No smoking - but sometimes drinking and if possible, good eating!

These were also among your biggest sellers, am I right? What was going on with you back then and how did it effect your sound?

The success (or not) of a record has no influence on the music of the next . For example, just after "Cafe Du Bon Coin" (a big seller) we recorded "Le Vaisseau De Pierre", which sounds very different.

The live album, "Anniverscene", had everything on it from disco, to African flourishes, to a Gaelic version of "Si Mort A Mors" , but the band seemed to be between phases somehow - what was going on?

Sometimes we make mistakes! The sound of the synthetic drums on "Anniverscene" is now dated, but it was a public recording and our drummer Gerard (Goron) was glad to play with his new machines!

How did you decide to move in the direction that led to "Portraits"? How did you become aware of the Guillaume Seznec affair and how long had you been thinking about it?

Jean-Louis met Guillaume Seznec's grandson after having read his book, "Nous Les Seznec", in which Denis speaks about the miscarriage of justice of which his grandfather Guillaume was a victim.

How did you choose which other personalities to portray on the album?

At first we planned to compose the whole CD on the Seznec theme, but after considering, we thought this would be too sad. So, we decided to narrate the stories of people (real or imaginary) having an important place in the story of Brittany or in the dreams of the Bretons.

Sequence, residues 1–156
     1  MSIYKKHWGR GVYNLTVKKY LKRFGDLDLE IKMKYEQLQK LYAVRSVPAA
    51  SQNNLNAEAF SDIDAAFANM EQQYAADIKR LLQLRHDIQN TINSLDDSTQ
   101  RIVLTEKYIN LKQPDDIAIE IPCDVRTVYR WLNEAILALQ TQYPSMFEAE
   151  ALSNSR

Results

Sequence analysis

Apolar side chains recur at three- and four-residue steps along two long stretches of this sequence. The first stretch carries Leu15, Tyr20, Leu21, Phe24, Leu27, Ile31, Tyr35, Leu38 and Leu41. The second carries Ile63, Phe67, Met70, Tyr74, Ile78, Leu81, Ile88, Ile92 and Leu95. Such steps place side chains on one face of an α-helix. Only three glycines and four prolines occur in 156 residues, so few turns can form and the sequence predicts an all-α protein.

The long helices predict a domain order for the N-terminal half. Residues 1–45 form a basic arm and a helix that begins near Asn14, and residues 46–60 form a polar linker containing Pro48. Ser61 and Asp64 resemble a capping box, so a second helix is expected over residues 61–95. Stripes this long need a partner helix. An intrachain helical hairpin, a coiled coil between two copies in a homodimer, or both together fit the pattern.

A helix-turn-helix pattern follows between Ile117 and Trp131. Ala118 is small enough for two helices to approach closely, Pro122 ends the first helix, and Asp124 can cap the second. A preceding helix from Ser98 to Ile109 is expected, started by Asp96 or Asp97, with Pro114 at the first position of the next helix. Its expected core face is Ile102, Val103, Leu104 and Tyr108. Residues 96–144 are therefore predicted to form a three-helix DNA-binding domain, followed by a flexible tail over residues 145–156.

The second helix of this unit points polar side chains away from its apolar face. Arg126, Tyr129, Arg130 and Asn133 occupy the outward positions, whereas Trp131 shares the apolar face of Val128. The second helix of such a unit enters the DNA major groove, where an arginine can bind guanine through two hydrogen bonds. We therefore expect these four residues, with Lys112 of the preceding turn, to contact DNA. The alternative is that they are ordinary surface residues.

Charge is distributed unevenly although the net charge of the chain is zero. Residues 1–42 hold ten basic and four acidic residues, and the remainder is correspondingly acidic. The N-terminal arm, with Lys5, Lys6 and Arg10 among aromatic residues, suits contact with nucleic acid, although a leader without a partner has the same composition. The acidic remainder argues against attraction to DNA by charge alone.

The use of early music instruments is now very pronounced and polished, and certain production elements are more refined than on previous recordings. How do you deal with the difference in levels between the acoustic and electric instruments, and keep them sounding realistic in relation to one another?

We have our own studio in Savenay near Nantes, where our office is. So we take time as necessary to work on the balance. Now, while I am typing, my friends are in our studio, preparing our next CD,"Le Pelegrin", which will be released in October or November, 2000. When they need me, they call by phone and five minutes later I am with them to sing or play.

Is there anything you'd like to say about the new album?

No - it is too early to speak about it. But I feel that it will be a major CD!

Tri Yann is not yet as well-known as they deserve to be outside of France and along the international festival circuit. What would you like to say to music fans from everywhere who are about to discover you?

Listen to our albums from "La Decouverte Ou L'Ignorance" onward. The first records are a bit old fashioned, but they make good souvenirs! And if possible, come and see us on stage. I am sure that you will come back at the next opportunity - with a lot of friends!

Tri Yann:
Jean Chocun (voice/mandolin/guitar/mandoloncelle/dulcimer)
Jean-Paul Corbineau (lead vocals/acoustic guitar)
Jean-Louis Jossic (lead vocals/flutes/psalterion/crumhorne/bombardes)
Gerard Goron (voice/trap drums/mandoloncelle)
Fred Bourgeois (voice/keyboards)
Konan Mevel (voice/flutes/bagpipes)
Christophe Peloil (voice/bass guitar/flutes/violin)
Jean-Luc Chevalier (electric & acoustic guitars)

Photos © Eric Doll

(* = recommended album)
Links are to

Tri Yann An Naoned
Dix Ans, Dix Filles
*Suite Gallaise
La Decouverte Ou L'Ignorance
*An Heol A Zo Glaz- Le Soleil Est Vert
*Cafe Du Bon Coin
Anniverscene (live)
Eguinane (compilation)
Le Vaisseau De Pierre
Belle Et Rebelle
Inventaire 1 (compilation)
Inventaire 2 (compilation)
Le Meilleur De Tri Yann (compilation)
La Veillee Du Troisieme Millenaire (profile of band - in French) *Tri Yann En Concert (live - includes CD-ROM)
Tri Yann & L'Orchestre National Des Pays De La Loire (live)
Le Pelegrin (fall 2000 - dtba)

Further reading
Tri Yann on the Web
More Music from Brittany on RootsWorld
An Interview with Alan Stivell